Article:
The Truth About Running Cadence


So what should your running cadence be? 180 steps per minute, right? Hmm, let's explore a little bit more.

Back in the early 2000s I spent quite a bit of time focusing on running cadence. Why?

Well, my running bible, Daniels' Running Formula, written by famous running coach Jack Daniels told me that all elite runners have a running cadence of 180. So I decided I needed to run at that cadence as well.

Before we continue let's just get into:

What is running cadence?

The official definition:

Running cadence / Stride rate = The number of steps you take on average per minute

Running cadence plays a role in the efficiency of your running. How much energy you use when you run. The less energy you use over a given distance, the better. It means you can go faster for longer. So, are you an efficient runner?

Or let me ask you this question...

Do you run like a gazelle or do you run like an elephant?

It is, hopefully ... :), obvious that running like a gazelle is more efficient than running like an elephant.

Your running economy incorporates more than running cadence alone. It is about all those elements that together define how much energy you use to move yourself forward.

But in this section I focus on running cadence.

running cadence elephant
Do you run like an elephant...


running cadence gazelle
...Or do you run like a gazelle ?


What Should My Running Cadence Be?


As I mentioned before. We used to think the answer was 180. Elite runners run at a stride rate of 180-190 steps per minute. Any official race from 800 metres up proves this point.

running cadence
Most of the time it is not that easy to see, when you are watching TV. But next time when championship races are being broadcasted, you should have a try.

Count the number of steps a competitor takes with his right foot during 15 seconds. Multiply by two (we can assume the athlete takes the same number of steps with his/her left foot as well... :)).

Then multiply by four to get the number of steps per minute.

I assure you, you will get close to 180. Does not matter whether you watch a 5K or a marathon race. Only difference is that the athletes running a 5K take bigger steps and are therefore going faster than the athletes doing a marathon.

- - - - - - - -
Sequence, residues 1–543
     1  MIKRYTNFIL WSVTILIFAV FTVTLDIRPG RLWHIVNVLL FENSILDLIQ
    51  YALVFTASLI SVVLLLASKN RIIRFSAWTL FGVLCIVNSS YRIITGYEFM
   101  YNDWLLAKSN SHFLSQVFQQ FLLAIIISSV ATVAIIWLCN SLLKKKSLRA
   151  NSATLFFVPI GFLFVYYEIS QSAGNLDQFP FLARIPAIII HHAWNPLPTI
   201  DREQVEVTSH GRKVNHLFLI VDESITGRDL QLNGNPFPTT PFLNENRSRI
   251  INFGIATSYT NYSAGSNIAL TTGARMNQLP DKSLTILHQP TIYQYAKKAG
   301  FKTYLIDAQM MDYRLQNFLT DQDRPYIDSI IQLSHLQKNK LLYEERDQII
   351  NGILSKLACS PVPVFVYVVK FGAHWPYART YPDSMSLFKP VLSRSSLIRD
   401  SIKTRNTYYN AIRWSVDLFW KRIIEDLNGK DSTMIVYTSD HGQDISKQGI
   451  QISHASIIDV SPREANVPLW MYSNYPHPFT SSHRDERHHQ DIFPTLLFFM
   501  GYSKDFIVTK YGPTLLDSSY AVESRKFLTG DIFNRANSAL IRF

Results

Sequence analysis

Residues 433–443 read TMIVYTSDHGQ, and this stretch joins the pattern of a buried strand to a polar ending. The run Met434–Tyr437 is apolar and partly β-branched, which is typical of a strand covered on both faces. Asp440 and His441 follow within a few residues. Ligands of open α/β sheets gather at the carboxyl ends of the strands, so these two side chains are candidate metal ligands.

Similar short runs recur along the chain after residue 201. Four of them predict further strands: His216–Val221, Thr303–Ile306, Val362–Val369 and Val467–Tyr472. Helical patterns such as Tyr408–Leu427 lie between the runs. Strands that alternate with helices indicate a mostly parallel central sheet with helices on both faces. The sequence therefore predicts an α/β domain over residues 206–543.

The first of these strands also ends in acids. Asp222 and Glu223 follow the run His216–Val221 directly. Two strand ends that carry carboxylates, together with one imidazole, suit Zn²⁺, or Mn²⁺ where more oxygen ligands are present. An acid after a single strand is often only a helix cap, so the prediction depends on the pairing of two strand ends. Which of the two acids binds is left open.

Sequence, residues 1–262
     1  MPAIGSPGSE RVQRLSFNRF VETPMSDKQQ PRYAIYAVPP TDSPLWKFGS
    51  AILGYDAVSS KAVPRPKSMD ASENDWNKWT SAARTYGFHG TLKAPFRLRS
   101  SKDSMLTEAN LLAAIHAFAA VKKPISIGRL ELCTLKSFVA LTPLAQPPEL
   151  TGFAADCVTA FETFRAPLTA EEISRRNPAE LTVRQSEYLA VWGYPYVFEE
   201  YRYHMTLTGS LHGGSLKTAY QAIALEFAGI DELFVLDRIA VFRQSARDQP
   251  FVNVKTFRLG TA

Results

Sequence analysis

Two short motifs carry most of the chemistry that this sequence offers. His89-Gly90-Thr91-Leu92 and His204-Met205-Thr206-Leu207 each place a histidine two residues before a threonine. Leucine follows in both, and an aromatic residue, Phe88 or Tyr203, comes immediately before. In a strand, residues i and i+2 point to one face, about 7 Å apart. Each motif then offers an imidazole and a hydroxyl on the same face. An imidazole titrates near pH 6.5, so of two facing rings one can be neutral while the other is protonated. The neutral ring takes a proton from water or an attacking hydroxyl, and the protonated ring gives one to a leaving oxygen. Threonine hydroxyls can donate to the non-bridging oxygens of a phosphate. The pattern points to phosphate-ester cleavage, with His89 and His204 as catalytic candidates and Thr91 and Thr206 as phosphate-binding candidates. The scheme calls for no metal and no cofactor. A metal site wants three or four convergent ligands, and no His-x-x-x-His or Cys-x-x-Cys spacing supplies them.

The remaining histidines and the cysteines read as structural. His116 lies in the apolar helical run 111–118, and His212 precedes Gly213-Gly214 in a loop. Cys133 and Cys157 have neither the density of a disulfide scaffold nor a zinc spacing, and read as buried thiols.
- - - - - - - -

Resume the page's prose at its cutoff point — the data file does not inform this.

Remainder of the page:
running quote - pain now. beer later.



However, since that revelation things have changed. So, I want to talk about what we have learned about running cadence since Jack Daniels' book. By the way, Daniels' Running Formula is an absolutely fantastic book about running training. It used to be by my side all the time. I still love it. I use it very often, with my own running and when I am advising others. I highly recommend the book to anybody wanting to improve their running training.

So, Jack Daniels mentioned the holy grail: 180 steps per minute. And the running world followed. We all tried to achieve it. Through drills, running with a metronome etc, etc.

Did it work? Maybe for some. Not for me.

My Experiences with Trying to Run 180 Steps per Minute


running cadence
What I discovered was that my normal stride rate during easy runs was somewhere around the 165 steps per minute.

I tried to work out how to get to more steps per minute.

I had these little drills that I would do at the end of runs. However, the only thing that really seemed to work structurally was running faster. During intervals I'd sometimes get to 190-200 steps per minute. Sometimes a bit less, 180-ish. In 5k and 10k races, I'd get to close to 180 for 5ks, usually bit lower for 10ks. What was wrong with me? In hindsight, nothing.

Well, maybe my unhealthy obsession with running cadence... :)

We now know that running cadence is impacted by a variety of factors. Terrain of course plays a role; hills and trails have an impact. But more than that it is you, the runner, itself. How tall are you, how long are your legs, how much running do you do, what is your build?

We have learned that you do not need to run at 180 beats per minute. In fact, when you are running at an easy pace, you most likely have a running cadence of 160+. Most of us find ourselves in the 163-165 zone. And that is fine. When you are faster, you are possibly ticking over in the 170s. When you are even faster and hit 180-ish in your easy runs... well, then what the heck are you doing here, I am not sure if I can teach you much... :)

What should we do with this information? Is cadence completely unimportant?

No, unless your stride rate is incredibly low, there is likely not a need to focus on it. If you feel your cadence needs improving, the few things that can help are:

  • Run more - The act of running helps you improve. You train more, your body finds ways to do the same thing more efficiently.

  • Strides - At the end of an easy run, focus on running strides. Aim at light, quick steps.


  • running cadence
    Now, it's the same advice I would give somebody not struggling with cadence... :) But, it's true. Running more and running strides will help improve your cadence over time. But don't get too obsessed about hitting 180. Turns out, this is one of those things where we have learned over time that it is not the be all and end all.

    Hope that sets your mind at ease!

    Some Other Pages You Might Enjoy

    tempo running
    speed training for runners
    improve running
    running strides
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